Obs and Strats

    The Commodity Promise.

    claim and proof

    Sharing.

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    One of my clients is so good at what they do they take a “rising tide” approach to sharing their IP and tools. For free. This soooo goes against everything I was taught as a pup in the business, where “proprietary” and “patented” carried the day.  But the software and services worlds are a changing.  Look at what Satya Nadella has done with Microsoft, opening up much of the company and reaping massive rewards.

    I’ve been sharing my brand strategy framework for years. I’ve borrowed from some of the leading lights of the “sharing” age, even meme-ing “open source brand strategy.”

    The reality is, brand strategy requires doing something smart with all the data and discovery that goes into it. You can’t just pour the information into muffin cups and start baking.  You have to organize and prioritize your ingredients.  And that’s when a framework turns into strategy.

    I share my framework – the claim and proof array – but I’m not nervous it will hurt my business. Sharing is never a negative.

    Peace.

     

     

    Claim About a Brand Claim.

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    What’s The Idea?, a brand strategy consultancy, provides two key services: brand strategy and marketing plans.  Marketing plans are certainly more of a commodity. What makes ours different from your garden variety marketing plan is the brand idea and proof array are embedded.  In other words, the tactics are intrinsically tied to the brand care-abouts and good-ats.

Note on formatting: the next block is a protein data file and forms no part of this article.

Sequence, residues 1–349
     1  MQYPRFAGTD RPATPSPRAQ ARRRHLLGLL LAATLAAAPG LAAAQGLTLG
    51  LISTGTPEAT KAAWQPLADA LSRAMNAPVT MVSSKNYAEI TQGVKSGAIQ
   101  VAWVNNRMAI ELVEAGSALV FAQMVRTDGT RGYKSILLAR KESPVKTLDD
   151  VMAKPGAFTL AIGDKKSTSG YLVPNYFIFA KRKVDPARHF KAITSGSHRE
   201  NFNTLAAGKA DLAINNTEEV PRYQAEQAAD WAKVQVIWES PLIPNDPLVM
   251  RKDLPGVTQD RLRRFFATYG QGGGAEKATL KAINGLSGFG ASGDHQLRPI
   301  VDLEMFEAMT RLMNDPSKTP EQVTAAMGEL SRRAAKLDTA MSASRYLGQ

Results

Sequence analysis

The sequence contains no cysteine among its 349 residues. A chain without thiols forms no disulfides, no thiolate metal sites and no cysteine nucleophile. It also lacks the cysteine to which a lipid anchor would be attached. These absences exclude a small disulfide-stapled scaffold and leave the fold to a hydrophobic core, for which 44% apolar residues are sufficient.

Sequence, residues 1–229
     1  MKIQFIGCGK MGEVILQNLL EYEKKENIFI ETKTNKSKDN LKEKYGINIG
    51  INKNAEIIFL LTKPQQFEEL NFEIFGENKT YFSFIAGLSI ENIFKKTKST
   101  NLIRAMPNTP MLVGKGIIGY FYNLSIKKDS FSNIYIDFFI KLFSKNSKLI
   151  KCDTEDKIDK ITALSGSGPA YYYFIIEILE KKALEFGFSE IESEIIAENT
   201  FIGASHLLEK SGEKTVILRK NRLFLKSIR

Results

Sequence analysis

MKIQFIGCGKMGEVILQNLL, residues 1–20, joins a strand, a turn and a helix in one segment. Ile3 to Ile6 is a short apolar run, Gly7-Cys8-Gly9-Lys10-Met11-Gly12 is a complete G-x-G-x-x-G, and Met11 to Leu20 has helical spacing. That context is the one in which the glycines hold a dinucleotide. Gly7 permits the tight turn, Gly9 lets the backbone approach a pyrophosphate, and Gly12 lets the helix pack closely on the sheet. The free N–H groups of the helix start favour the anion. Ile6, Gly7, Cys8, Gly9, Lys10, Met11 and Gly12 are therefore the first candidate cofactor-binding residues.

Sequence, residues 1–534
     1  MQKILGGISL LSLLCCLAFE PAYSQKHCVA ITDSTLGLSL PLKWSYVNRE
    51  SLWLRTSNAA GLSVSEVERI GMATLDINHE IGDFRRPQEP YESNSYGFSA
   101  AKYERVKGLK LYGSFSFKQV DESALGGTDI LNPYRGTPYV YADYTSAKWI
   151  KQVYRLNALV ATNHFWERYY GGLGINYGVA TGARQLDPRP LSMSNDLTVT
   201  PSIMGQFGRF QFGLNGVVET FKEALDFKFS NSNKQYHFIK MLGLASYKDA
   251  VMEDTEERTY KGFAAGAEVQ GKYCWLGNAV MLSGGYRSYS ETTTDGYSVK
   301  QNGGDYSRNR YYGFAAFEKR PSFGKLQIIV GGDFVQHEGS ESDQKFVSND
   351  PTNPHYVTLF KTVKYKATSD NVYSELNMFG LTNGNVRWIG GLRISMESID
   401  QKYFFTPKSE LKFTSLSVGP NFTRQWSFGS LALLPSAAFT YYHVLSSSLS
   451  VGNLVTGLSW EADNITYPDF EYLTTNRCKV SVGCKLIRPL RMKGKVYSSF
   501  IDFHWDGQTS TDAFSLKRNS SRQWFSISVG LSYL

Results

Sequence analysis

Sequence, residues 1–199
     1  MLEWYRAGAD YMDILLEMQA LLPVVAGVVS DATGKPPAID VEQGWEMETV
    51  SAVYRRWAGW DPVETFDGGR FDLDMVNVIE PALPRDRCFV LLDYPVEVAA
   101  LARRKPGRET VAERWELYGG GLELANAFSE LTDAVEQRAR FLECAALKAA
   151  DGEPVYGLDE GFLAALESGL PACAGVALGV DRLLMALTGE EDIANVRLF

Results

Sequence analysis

But the bread and butter, what I get most excited about, is the creation of the brand “claim.”  That’s what sets What’s The Idea? apart.  I’ve been told WTI brand claims offer a bit of poesy or poetry.  They are therefore more memorable. “Low cost provider. Best customer care. Most innovative.” These are not What’s The Idea? claims.  

    It’s made me wonder if one can tell a WTI claim apart from that of other brand strategy shops? What would a claim from an Interbrand or Landor look like next to mine? This is going to require a bit of research. I’ll take it as an action item and report back.

    Maybe then we’ll do a side-by-side comparison for shits and giggs.

    Peace.

     

    Brand Claim.

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    There are a number of words used in branding to depict the central idea of the strategy. Truth, promise and value proposition are a couple of favorites. The word I use is claim. Words matter, make no mistake, and in brand-speak the proper descriptor speak volumes.

    Claim is straightforward and begets proof. Claim without proof is bluster. (Or advertising.)

    The word proposition is much softer, nearly apologist.  We propose. Consider this.  It’s kinder and gentler but branding is about belief. Being versus promising.  Absolutism versus promissory-ism.